The Magnolia green jumping spider (Lyssomanes viridis) — almost certainly a female, as the males are brilliantly colored and somewhat grotesquely elongated about the jaws and abdomen. I love her little red “hat”!
Lyssomanes are one of the more petite jumping spiders, only about 5-8 mm long, with the females being larger.
This species prefers magnolia trees (hence the name) but is not exclusive and can be found on other species of trees, and on bushes, as well. (The one above is actually sitting on my car.) It eats small insects like mites, aphids, and ants, and sometimes other spiders. It also builds a unique broad, sheetlike nest, which may help capture prey by temporarily immobilizing it.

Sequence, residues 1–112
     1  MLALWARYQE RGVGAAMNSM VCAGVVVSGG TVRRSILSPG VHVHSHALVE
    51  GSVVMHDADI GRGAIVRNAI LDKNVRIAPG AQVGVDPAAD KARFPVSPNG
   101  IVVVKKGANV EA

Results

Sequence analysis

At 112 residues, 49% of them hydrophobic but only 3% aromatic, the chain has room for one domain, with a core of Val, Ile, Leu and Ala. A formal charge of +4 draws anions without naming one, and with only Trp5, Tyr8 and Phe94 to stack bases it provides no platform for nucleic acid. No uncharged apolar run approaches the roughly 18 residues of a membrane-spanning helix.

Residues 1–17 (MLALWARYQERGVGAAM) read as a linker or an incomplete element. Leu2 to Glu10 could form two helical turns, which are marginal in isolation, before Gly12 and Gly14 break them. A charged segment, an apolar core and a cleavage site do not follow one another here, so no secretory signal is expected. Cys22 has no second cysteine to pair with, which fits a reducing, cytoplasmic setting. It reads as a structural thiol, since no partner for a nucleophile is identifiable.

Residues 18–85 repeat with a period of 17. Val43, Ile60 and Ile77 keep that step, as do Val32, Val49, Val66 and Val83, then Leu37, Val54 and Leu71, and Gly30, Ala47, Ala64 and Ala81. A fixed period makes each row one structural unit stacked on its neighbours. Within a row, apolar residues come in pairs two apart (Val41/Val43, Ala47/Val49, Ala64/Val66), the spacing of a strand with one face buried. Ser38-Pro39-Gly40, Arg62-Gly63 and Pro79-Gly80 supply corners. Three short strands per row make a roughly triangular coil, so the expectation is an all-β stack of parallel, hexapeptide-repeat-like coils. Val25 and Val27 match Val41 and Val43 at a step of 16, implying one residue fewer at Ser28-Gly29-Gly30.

This little fellow (not the same spider as in the top photo) is a juvenile male who hasn’t grown his big orange jaws yet. You can tell because his pedipalps (the little “legs” by his mouth) are thicker, with “paws” on the end which he will use when mating with a female.
And here’s a full-grown adult male. This may even be the same spider as pictured above — the photos were taken in the same location a week apart. (I don’t know how fast these guys grow, but I’d guess it’s not impossible this is the same individual!)